After scrolling past a bunch more of this junk you find the comment mas made by Matthew. Click on the name Matthew and you end up at I vaguely recall seeing a list of questions exactly like this and I want to say it was by Kent Hovind - does anybody out there have any info on this list of questions?

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Crocodiles and Godzilla!

The above is a picture of a new fossil crocodile discovered in South America. Christened Dakosaurus andiniensis, the crocodile lived about 135 mya.

Here's another pic.


"This species was very unusual, because other marine crocodiles that were around at the same time had very delicate features – long, skinny snouts and needle-like teeth for catching small fish and mollusks," said Ohio State University researcher Diego Pol, who determined the crocodile lineage. "But this croc was just the opposite. It had a short snout, and large teeth with serrated edges. It was definitely a predator of large sea creatures."

It has been nicknamed "Godzilla". It sheds some interesting light on crocodile evolution:

"This [animal] forms a very distinct lineage that appears early on in the evolutionary history of crocodiles—invading the sea and showing outstanding adaptation to the marine environment," Pol said.

Unlike today's crocodiles, Dakosaurus andiensis lived entirely in the water. It measured 13 feet (4 meters) from nose to tail. Instead of legs, Dakosaurus had four paddle-like limbs, used mostly for stability. A fish-like tail propelled the beast through the water.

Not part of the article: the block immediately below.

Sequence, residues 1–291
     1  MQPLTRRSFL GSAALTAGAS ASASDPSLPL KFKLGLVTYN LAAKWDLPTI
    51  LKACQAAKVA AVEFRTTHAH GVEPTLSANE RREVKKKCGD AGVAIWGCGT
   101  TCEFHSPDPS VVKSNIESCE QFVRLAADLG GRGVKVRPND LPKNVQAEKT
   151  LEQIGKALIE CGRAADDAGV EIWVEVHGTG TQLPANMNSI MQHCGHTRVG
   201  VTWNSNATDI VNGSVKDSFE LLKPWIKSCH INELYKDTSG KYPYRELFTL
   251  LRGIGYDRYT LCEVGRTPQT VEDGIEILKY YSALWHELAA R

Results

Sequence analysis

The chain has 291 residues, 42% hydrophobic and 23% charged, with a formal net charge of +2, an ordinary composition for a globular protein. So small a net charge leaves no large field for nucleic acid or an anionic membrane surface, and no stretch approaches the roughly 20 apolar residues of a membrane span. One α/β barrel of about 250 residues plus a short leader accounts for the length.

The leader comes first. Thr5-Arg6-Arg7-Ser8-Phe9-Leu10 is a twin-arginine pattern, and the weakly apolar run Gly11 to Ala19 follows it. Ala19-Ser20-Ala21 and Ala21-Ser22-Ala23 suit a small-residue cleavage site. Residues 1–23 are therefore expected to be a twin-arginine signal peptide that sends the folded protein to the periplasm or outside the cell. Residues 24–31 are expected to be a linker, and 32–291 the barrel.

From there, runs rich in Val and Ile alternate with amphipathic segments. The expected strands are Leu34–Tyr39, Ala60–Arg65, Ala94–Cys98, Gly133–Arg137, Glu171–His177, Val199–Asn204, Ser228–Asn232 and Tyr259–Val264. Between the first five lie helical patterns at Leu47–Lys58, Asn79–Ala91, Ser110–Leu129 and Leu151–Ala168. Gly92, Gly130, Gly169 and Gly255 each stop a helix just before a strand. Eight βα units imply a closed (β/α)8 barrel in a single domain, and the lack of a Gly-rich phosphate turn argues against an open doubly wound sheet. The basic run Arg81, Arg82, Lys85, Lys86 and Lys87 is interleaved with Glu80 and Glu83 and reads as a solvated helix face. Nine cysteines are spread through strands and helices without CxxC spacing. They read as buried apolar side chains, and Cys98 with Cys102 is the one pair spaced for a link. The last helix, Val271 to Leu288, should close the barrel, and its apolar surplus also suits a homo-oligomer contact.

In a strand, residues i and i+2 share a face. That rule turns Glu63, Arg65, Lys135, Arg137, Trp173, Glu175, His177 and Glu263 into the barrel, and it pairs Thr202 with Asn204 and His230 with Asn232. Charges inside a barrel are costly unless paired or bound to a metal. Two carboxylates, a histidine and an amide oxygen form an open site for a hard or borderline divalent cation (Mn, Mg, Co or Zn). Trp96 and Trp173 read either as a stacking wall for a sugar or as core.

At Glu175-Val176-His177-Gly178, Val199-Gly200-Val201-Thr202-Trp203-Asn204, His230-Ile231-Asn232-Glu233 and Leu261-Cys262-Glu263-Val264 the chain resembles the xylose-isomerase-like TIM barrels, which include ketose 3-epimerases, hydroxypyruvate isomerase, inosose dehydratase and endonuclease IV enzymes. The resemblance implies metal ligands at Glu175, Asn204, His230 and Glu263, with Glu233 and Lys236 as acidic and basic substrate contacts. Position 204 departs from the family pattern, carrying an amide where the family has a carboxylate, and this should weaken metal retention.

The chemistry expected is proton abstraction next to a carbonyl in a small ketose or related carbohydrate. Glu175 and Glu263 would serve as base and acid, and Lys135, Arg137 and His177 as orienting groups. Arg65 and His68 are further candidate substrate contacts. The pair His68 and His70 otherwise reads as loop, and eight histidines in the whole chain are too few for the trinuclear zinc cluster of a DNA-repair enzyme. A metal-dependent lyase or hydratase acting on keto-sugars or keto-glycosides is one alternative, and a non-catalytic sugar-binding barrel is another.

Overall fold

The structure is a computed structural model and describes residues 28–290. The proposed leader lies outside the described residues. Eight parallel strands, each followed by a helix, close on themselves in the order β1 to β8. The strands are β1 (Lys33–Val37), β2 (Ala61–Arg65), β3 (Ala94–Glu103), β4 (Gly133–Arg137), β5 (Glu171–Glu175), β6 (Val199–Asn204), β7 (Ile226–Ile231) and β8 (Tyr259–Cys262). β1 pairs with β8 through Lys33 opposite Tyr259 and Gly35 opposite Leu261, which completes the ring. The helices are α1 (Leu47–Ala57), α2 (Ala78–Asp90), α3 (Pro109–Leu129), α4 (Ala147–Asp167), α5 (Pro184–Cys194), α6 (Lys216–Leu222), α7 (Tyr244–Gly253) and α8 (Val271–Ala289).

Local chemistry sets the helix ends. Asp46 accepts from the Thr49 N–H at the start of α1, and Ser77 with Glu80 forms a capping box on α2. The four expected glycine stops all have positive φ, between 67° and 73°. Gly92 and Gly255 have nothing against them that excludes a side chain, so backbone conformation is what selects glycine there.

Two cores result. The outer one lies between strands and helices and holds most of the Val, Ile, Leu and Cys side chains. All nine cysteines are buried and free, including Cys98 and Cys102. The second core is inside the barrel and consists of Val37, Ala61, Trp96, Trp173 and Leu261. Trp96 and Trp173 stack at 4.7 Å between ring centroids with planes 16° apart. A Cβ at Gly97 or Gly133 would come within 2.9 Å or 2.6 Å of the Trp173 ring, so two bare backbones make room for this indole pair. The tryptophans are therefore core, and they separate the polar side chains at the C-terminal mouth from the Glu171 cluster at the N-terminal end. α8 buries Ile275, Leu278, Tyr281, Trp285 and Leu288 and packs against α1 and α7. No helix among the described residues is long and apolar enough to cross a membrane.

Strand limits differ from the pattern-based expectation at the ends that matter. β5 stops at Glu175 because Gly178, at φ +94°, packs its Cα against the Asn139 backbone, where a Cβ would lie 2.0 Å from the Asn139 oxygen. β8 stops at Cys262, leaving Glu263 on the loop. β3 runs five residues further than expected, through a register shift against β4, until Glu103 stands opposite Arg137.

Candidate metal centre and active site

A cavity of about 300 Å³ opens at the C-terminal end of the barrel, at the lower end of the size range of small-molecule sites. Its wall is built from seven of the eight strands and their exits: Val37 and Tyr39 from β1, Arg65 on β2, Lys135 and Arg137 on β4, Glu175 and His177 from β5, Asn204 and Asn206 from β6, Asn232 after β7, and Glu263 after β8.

What made it especially unusual was its snout and teeth.
The animal's unusual features suggest that it had completely different feeding habits from its relatives. While other marine crocs fed on small fish, Dakosaurus hunted for marine reptiles and other large sea creatures, using its jagged teeth to bite and cut its prey.

"The most perplexing thing about the animal is that its head shape does not appear to be well suited to a fast swimming crocodilian, because rather than being streamlined, it is somewhat high and flattened from side to side," said Clark, who was not involved with the research.

"Presumably it moved its head mainly up and down rather than sweeping it from side to side, like fish-eating crocodilians."

New Scientist also has a story on it.

Here is another pic:

Added Later: Welcome Pharyngulans! I have added some more stuff below. Also, for your viewing pleasure (and to satisfy those unhealthy cravings for squid pictures here is a link to the video).

And yet more:

A closer view of one of the pics above:

The relationship between Dakosaurus andiniensis and other crocodylians:

The original press release can be found here

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Humboldt Squid Video

National Geographic has an interesting story on filming Humboldt Squid - complete with video here

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Tuesday, November 08, 2005

Intelligent Design and Human Evolution

The Dover trial is in the hands of the judge and in Kansas the fundies have approved the destruction of their education system. Meantime, Dembski is hallucinating loudly about the stunning legal strategy he provided the Thomas More Law Center (giggle), apparently we have him to thank for the endless amusement obtained from reading the transcripts of the trial - available here.